[docs] def call(self, func, *args, **kwargs): """ Alternative way to time a simple function call using condensed syntax. Returns: self (Timerit): Use `min`, or `mean` to get a scalar. Use `print` to output a report to stdout. Example: >>> import math >>> time = Timerit(num=10).call(math.factorial, 50).min() >>> assert time > 0 """ for timer in self: with timer: func(*args, **kwargs) return self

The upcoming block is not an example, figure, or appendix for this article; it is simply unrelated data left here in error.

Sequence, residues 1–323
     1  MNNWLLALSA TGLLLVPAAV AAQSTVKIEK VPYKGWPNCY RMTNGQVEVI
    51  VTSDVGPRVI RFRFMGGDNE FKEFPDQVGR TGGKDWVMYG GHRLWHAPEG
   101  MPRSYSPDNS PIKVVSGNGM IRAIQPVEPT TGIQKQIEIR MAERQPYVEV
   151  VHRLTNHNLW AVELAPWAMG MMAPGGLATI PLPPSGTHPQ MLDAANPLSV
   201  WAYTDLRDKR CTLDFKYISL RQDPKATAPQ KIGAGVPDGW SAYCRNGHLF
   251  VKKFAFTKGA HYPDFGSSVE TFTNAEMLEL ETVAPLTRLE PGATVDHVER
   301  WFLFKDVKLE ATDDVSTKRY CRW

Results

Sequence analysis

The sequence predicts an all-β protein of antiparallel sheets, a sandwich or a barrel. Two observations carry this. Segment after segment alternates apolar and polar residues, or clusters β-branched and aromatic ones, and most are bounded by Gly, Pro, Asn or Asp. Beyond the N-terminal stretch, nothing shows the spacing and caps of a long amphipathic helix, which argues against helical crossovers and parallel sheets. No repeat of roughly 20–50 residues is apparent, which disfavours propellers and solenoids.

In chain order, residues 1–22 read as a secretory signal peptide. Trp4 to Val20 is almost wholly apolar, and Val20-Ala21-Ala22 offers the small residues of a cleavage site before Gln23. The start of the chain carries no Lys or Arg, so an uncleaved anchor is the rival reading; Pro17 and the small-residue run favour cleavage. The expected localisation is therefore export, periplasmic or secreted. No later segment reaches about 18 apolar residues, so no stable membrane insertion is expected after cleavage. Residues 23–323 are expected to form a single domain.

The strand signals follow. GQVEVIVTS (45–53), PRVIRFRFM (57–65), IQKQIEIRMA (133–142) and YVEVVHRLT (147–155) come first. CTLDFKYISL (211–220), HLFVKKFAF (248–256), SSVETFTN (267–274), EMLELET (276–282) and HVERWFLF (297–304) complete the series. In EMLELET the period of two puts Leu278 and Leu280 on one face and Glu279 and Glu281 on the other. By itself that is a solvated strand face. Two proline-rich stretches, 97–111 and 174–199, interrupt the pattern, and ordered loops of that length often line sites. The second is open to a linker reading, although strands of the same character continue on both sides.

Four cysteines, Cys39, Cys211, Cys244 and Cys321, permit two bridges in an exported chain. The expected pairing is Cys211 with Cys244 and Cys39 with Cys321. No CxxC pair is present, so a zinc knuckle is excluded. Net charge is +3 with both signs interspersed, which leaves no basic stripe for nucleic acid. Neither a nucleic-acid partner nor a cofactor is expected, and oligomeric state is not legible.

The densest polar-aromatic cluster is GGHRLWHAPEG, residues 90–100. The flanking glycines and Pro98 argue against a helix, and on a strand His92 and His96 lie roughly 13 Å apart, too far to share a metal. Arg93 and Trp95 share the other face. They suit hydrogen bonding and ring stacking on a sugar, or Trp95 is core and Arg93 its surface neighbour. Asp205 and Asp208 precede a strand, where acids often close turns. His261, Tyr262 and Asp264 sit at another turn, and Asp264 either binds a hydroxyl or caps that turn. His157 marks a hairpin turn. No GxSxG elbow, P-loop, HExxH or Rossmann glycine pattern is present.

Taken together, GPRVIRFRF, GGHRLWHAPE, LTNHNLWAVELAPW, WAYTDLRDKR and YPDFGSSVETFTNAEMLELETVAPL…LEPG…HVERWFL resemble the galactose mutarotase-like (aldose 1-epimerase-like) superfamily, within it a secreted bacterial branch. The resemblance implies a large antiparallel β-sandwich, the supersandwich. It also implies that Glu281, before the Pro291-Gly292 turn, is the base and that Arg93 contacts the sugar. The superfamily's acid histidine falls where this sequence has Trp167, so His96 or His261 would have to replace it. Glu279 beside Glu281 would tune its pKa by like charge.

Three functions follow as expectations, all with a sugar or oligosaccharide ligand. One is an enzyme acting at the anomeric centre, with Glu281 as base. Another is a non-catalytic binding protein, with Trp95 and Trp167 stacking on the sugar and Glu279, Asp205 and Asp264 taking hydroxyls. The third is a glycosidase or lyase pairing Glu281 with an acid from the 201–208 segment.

def __iter__(self): if self.verbose >= 3: print(self._status_line(tense='present')) self.n_loops = 0 self.total_time = 0 # Create a foreground and background timer bg_timer = self._timer_cls(verbose=0) # (ideally this is unused) fg_timer = self._timer_cls(verbose=0) # (used directly by user) # give the forground timer a reference to this object, so the user can # access this object while still constructing the Timerit object inline # with the for loop. fg_timer.parent = self # disable the garbage collector while timing with _ToggleGC(False): # Core timing loop for i in it.repeat(None, self.num): # Start background timer (in case the user doesn't use fg_timer) # Yield foreground timer to let the user run a block of code # When we return from yield the user code will have just finished # Then record background time + loop overhead bg_timer.tic() yield fg_timer bg_time = bg_timer.toc() # Check if the fg_timer object was used, but fallback on bg_timer if fg_timer.elapsed >= 0: block_time = fg_timer.elapsed # higher precision else: block_time = bg_time # low precision # record timings self.times.append(block_time) self.total_time += block_time self.n_loops += 1 # Timing complete, print results assert len(self.times) == self.num, 'incorrectly recorded times' self._record_measurement() if self.verbose > 0: self.print(self.verbose) def _record_measurement(self): """ Saves the current time measurements for the current labels. """ measures = self.measures measures['mean'][self.label] = self.mean() measures['min'][self.label] = self.min() measures['mean-std'][self.label] = self.mean() - self.std() measures['mean+std'][self.label] = self.mean() + self.std() return measures @property def rankings(self): """ Orders each list of measurements by ascending time Example: >>> import math >>> ti = Timerit(num=1) >>> _ = ti.reset('a').call(math.factorial, 5) >>> _ = ti.reset('b').call(math.factorial, 10) >>> _ = ti.reset('c').call(math.factorial, 20) >>> ti.rankings >>> ti.consistency """ import ubelt as ub rankings = {k: ub.dict_subset(d, ub.argsort(d)) for k, d in self.measures.items()} return rankings @property def consistency(self): """" Take the hamming distance between the preference profiles to as a measure of consistency. """ import itertools as it import ubelt as ub rankings = self.rankings if len(rankings) == 0: raise Exception('no measurements') hamming_sum = sum( k1 != k2 for v1, v2 in it.combinations(rankings.values(), 2) for k1, k2 in zip(v1.keys(), v2.keys()) ) num_labels = len(ub.peek(rankings.values())) num_metrics = len(rankings) num_bits = (num_metrics * (num_metrics - 1) // 2) * num_labels hamming_ave = hamming_sum / num_bits score = 1.0 - hamming_ave return score